This conversation has been edited for length and clarity.
The New Humanitarian: What should be the immediate priority for aid agencies when it comes to evaluating data security in Afghanistan? How much — and what kinds — of data are we talking about?
Karl Steinacker: What is important is that the agencies sit together and assess first what data there is, and where it is. Every big organisation would say: “There’s no need to worry. We have data security in place.” But is that so? What about the data which is in common databases: a child protection database, let’s say, where you can maybe trace single mothers, or victims of sexual violence — things that are quite delicate issues.
The other issue is the data used through commercial service providers — cash programmes in particular. Were they cash programmes for very specific vulnerable groups who might be targeted by the Taliban, because they were war veterans, or sexual minorities — whatever it is.
But this process has to start somewhere. Someone has to say, “Since we haven’t done what we should have done before we implemented these programmes, let’s now retroactively look at what we have, what can be accessed by the Taliban, and how can we mitigate the problem?” What should have happened is the data protection impact assessment has been done before they started these programmes. But we know from experience that no humanitarian agency does these impact assessments.
The New Humanitarian: How much of a debate is there about data collection within humanitarian organisations before programmes begin?
Steinacker: There is no debate, in reality. It’s assumed the more data I have, the better it is for the programme. I can better target, I can better report, I can better ask for funds from donors. There is no questioning whether this could create collateral damage, that it could really backfire.
Katja Lindskov Jacobsen: Much of this is not as new as we would like to think. It’s new that it’s the Taliban.
But UNHCR has, for a long time, had a data-sharing agreement of sorts with the [the US Department of] Homeland Security. The idea was to share data on refugees resettled in the US, but a lot more data has been shared. It’s researchers as well. A lot of actors are interested in biometrics that UNHCR and other agencies have collected — not just in Afghanistan. There are donors that are interested, and also host states. I think we have to think about this whole idea of who to give access to this data and who not to, and whether we can really control that.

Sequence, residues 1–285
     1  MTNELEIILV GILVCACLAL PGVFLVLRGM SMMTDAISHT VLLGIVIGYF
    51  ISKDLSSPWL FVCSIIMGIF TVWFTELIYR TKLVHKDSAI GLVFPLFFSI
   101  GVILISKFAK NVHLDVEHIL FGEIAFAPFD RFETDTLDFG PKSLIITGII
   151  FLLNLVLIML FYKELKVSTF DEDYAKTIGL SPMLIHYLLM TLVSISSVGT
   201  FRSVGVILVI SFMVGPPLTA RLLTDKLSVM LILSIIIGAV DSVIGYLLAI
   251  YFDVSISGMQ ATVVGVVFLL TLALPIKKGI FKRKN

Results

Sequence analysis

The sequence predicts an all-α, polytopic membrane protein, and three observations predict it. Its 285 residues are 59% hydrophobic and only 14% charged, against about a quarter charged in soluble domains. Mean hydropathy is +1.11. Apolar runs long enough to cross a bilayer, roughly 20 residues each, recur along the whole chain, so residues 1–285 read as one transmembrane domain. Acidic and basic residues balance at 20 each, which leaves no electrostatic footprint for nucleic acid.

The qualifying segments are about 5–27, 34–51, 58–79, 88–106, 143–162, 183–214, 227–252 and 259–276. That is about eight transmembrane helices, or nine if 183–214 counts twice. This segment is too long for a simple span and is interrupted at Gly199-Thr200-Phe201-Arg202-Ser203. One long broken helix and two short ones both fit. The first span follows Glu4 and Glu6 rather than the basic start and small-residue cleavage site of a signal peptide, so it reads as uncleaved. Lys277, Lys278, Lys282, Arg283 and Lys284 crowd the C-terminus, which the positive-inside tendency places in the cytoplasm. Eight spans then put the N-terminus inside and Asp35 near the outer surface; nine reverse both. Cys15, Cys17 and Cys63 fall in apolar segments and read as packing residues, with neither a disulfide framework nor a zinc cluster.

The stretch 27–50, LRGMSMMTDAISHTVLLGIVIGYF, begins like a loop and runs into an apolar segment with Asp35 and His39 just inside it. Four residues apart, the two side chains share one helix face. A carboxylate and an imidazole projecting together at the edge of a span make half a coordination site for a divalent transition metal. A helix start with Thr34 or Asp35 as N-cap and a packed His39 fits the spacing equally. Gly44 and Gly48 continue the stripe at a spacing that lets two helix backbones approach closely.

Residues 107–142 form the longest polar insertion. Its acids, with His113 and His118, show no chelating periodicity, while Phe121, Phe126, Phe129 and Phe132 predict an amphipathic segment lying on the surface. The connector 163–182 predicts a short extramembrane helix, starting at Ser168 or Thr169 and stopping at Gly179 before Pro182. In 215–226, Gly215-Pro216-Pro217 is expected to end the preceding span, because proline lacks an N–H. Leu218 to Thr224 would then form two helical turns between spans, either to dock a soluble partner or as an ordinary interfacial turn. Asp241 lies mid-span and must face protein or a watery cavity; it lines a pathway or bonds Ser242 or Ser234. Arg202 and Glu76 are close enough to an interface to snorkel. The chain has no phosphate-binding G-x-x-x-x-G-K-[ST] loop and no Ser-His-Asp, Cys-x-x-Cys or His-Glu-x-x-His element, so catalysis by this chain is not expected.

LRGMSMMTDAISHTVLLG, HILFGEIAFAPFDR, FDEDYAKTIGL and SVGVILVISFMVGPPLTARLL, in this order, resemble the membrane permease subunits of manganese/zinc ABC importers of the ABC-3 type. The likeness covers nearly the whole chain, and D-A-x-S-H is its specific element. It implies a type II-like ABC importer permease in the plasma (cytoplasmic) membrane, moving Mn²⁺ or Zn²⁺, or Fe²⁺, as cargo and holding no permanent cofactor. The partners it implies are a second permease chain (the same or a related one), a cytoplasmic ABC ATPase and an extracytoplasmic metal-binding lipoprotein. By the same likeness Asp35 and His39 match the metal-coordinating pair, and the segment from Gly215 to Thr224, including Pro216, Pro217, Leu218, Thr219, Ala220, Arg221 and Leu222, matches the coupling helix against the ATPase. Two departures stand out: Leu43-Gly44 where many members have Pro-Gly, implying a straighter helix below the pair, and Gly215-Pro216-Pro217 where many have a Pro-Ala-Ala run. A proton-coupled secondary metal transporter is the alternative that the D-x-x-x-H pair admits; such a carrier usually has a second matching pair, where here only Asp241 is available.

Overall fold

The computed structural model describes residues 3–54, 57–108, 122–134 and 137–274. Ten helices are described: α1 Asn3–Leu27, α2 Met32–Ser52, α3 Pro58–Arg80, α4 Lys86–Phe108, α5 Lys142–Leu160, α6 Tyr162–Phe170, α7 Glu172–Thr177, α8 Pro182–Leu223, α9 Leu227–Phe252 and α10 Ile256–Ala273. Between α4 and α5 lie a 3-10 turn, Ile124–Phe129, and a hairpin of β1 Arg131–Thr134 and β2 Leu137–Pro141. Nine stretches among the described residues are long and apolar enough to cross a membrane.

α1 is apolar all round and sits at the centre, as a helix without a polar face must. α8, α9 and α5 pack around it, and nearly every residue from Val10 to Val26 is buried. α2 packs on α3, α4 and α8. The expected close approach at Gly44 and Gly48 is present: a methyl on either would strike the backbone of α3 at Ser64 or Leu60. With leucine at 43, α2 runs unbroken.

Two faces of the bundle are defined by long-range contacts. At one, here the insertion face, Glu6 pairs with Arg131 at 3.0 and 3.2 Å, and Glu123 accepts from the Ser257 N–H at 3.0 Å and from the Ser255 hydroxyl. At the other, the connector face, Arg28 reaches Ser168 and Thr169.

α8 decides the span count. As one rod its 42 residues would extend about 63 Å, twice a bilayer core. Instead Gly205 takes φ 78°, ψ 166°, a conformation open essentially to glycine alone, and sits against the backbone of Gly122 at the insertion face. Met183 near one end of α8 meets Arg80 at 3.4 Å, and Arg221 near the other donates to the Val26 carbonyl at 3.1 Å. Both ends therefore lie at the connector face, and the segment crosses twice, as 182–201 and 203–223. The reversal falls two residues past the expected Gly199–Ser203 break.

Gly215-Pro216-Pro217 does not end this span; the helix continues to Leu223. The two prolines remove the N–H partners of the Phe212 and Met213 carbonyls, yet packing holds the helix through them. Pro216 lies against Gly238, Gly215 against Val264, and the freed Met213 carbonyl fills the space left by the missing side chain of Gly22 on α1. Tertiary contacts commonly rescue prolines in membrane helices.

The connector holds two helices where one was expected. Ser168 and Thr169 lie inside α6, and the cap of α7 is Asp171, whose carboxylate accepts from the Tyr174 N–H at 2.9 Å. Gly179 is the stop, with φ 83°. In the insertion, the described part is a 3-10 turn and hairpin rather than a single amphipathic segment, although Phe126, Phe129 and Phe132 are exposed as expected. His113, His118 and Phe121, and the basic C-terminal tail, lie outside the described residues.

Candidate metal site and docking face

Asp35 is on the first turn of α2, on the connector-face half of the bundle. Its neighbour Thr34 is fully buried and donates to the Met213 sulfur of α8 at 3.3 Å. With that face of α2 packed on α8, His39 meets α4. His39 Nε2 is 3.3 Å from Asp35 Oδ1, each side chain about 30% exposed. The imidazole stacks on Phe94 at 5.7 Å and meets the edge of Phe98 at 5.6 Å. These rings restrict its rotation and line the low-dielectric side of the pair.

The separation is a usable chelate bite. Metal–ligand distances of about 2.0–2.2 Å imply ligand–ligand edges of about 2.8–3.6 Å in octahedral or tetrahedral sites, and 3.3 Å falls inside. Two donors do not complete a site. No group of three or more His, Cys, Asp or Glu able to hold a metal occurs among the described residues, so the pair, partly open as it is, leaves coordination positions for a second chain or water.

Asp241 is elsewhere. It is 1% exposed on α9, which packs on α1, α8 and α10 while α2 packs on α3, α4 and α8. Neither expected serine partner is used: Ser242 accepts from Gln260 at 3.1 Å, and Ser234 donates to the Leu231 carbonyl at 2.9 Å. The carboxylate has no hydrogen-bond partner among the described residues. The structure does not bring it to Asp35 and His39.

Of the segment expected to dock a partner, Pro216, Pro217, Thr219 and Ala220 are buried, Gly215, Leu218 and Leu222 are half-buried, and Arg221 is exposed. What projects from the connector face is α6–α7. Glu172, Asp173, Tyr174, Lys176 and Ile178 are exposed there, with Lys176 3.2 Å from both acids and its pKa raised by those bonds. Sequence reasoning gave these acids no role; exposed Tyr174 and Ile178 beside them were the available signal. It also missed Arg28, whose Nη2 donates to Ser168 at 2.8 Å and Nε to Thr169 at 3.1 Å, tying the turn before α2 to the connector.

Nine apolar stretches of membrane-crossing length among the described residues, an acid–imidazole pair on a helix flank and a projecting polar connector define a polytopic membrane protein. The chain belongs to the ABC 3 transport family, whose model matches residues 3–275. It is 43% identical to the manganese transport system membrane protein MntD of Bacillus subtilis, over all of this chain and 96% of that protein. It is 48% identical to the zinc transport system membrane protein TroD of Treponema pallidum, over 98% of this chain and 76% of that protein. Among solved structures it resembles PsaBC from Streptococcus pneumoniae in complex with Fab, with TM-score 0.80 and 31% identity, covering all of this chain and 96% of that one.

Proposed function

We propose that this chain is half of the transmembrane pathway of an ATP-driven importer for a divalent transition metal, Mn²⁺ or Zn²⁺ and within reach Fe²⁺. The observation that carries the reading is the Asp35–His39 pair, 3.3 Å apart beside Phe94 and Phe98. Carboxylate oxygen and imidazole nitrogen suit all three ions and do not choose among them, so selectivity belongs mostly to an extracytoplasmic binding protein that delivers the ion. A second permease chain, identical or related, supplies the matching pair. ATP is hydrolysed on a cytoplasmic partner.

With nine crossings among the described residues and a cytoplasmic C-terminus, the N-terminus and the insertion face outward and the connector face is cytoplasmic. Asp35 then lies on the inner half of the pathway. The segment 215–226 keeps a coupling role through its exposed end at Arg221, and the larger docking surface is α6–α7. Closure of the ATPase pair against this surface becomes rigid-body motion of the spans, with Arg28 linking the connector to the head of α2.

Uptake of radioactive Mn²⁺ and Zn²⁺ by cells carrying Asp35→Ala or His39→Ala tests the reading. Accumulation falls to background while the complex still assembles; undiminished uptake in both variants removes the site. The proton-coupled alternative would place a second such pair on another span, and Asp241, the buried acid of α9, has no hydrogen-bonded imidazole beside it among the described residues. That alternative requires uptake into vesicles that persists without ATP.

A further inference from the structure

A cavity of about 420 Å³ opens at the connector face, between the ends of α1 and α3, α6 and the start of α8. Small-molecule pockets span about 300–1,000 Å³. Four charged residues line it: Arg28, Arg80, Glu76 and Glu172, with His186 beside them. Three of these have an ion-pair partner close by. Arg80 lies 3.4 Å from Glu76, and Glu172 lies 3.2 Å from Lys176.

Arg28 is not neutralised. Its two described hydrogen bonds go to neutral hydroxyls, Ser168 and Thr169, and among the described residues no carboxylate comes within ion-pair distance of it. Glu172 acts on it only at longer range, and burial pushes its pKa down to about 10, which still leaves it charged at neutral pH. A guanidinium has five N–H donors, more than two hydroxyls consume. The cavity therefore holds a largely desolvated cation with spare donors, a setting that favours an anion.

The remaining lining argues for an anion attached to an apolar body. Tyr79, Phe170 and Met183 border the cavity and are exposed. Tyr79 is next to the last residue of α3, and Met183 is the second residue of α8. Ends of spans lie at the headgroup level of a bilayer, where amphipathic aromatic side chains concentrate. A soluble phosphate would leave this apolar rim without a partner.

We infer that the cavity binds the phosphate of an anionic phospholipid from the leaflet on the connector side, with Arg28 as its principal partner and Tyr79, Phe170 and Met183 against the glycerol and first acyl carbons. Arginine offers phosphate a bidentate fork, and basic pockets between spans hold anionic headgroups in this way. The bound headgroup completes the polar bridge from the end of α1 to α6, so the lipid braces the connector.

“Much of this is not as new as we would like to think. It’s new that it’s the Taliban.”
Some humanitarian agencies, like the [International Committee of the Red Cross], have decided not to collect biometrics if they can avoid it. It puts into contrast some of the choices UNHCR has made about maintaining data forever, really. I think decisions like those have to be revised as well, given the sensitivity and the question of whether we can really make sure that this data, which is kept forever in enormous databases, is always in safe hands.
The New Humanitarian: It obviously sounds alarming if the Taliban now has access to biometric and other data once possessed by Afghanistan’s former government. How would you describe the level of concern?
Steinacker: The issue is extremely complex. [It could be] that the [Taliban] uses data to identify collaborators — people they consider traitors, collaborators, and whatnot. That would be my worry with regard to humanitarian data: that they use it, not against everyone who has received assistance, but specific groups: victims of sexual violence, sexual minorities — this kind of thing.
Jacobsen: For me, the bigger issue is they could use it whenever someone would require assistance from the government, whether that be schools, hospitals, medical assistance of any kind. Services from the government could be linked to a requirement of registering irises or fingerprints, now they have the devices and the databases to do that.